Needless to say, this is not something you want to have to (re)write yourself for each interactive program you create. Nor something you're ever going to want to maintain yourself. Fortunately, it's already written for you and available from the CPAN, in the IO::Interactive module. So instead of the horrendous subroutine definition shown above, you can just write:
      use IO::Interactive qw( is_interactive ); # and later... if (is_interactive()) { print $PROMPT; }
      Alternatively, you could use the module's interactive() subroutine, which provides a special filehandle that only sends output to *STDOUT if the terminal is interactive (and just discards it otherwise):
      use IO::Interactive qw( interactive ); # and later... print {interactive} $PROMPT;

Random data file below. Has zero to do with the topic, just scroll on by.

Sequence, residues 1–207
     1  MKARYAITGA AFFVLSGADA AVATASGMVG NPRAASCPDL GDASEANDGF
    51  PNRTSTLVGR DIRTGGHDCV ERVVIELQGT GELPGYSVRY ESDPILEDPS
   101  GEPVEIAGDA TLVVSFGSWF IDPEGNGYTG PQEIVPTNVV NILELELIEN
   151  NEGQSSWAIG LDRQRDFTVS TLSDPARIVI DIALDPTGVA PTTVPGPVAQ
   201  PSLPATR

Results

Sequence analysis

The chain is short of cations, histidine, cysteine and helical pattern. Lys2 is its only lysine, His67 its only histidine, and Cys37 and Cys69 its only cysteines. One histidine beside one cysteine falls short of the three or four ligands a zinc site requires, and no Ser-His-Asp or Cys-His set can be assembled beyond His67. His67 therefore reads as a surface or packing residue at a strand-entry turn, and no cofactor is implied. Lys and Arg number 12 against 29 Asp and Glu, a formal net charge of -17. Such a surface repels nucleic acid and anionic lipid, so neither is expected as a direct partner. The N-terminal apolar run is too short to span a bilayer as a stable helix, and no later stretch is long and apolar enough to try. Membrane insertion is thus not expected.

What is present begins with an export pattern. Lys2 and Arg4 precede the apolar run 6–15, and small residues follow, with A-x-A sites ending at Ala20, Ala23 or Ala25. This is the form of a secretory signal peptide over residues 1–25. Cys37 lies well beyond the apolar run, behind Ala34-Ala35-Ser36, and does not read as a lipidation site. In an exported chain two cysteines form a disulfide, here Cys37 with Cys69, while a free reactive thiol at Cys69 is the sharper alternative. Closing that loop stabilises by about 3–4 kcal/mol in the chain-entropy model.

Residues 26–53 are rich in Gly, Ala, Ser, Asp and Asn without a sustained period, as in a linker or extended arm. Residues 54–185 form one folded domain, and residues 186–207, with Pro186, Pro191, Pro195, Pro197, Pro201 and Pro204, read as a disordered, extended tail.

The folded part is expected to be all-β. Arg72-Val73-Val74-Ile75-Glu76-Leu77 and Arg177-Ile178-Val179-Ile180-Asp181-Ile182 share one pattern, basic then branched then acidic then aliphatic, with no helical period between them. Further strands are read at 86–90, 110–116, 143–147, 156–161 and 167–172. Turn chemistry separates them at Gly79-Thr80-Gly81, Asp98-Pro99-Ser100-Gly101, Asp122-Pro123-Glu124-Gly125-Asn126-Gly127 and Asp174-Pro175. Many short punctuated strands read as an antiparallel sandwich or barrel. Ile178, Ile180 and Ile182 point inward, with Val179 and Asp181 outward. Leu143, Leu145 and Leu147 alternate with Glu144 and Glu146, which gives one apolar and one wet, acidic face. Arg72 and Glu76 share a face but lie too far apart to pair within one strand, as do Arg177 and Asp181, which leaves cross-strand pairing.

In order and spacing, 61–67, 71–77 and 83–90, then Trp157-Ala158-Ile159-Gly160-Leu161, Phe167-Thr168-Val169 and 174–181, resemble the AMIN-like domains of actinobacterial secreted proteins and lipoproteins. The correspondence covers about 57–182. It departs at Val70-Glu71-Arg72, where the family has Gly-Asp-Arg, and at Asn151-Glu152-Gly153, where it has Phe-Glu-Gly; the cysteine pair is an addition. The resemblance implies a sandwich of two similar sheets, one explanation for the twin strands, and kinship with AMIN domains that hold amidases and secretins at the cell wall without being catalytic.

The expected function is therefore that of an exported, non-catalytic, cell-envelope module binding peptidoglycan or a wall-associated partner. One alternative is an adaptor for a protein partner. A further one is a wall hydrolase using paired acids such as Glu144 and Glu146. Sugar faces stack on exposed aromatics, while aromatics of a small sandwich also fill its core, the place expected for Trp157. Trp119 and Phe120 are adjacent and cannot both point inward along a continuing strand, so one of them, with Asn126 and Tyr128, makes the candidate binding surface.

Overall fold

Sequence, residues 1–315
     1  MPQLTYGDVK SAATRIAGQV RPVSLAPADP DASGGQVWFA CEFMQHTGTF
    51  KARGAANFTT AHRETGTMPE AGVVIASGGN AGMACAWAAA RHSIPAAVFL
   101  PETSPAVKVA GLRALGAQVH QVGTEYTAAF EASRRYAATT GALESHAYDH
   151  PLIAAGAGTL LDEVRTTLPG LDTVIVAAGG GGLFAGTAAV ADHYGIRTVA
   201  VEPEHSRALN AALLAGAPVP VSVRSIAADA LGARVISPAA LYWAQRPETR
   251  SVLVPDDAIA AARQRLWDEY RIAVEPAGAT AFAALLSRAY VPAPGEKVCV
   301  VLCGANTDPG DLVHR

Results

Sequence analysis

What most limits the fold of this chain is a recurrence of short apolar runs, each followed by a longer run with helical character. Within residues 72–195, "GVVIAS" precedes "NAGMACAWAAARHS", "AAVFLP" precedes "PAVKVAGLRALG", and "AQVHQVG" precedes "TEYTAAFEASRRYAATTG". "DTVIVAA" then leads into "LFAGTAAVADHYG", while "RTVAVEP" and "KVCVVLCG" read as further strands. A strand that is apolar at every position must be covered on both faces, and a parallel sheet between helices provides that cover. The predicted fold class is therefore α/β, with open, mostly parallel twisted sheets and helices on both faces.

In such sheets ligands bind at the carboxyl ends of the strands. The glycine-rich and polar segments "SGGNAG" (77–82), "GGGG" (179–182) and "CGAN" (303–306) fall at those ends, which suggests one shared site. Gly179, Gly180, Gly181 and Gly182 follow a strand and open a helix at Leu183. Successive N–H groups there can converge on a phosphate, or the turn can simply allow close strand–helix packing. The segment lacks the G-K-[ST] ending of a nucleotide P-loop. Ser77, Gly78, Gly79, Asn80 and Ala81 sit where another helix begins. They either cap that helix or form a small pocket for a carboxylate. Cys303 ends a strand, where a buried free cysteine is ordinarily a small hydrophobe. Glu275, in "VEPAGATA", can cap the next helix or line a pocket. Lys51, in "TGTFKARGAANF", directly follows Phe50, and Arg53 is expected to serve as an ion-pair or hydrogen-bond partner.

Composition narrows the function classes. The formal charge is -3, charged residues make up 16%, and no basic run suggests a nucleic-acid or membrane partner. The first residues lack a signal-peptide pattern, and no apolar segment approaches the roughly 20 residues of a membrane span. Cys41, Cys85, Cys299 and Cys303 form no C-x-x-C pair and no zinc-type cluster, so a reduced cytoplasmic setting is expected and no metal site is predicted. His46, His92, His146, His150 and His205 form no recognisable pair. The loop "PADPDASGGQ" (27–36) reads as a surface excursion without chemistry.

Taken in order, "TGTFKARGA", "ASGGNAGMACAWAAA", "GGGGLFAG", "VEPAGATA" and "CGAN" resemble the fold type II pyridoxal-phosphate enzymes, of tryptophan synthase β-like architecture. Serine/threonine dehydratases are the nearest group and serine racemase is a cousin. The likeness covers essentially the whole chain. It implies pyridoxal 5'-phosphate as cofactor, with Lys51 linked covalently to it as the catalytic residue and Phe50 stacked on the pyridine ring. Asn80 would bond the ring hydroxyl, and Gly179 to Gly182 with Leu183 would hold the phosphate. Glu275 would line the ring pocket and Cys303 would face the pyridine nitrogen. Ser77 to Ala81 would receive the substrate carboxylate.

Re: Detecting interactive/non-interactive shell
by Intrepid (Deacon) on Jul 04, 2005 at 12:14 UTC

    Do not expect users of Cygwin-Perl to see the expected behavior if you do employ the -t test to try to determine the context. An interactive shell will not be detected in that case.

    I don't have a workaround for this, I merely have known it to be broken for a while now. I also do not know when (at what release of Perl) it broke (if it ever worked), or if it has since been fixed. It would be right nice, podners, if it WAS to be fixed, since people's Makefile.PLs that ask for user input at module build time are broken by this on Cygwin, too.

    Update 19 Sept 2005

    I concur that it seems to have been fixed in the latest releases on cygwin-perl. Yay!

      Looks like it has been fixed:
      $ perl -e 'print -t' 1 $ perl -e 'print -t' < /etc/passwd $ perl -v This is perl, v5.8.2 built for cygwin-thread-multi-64int ...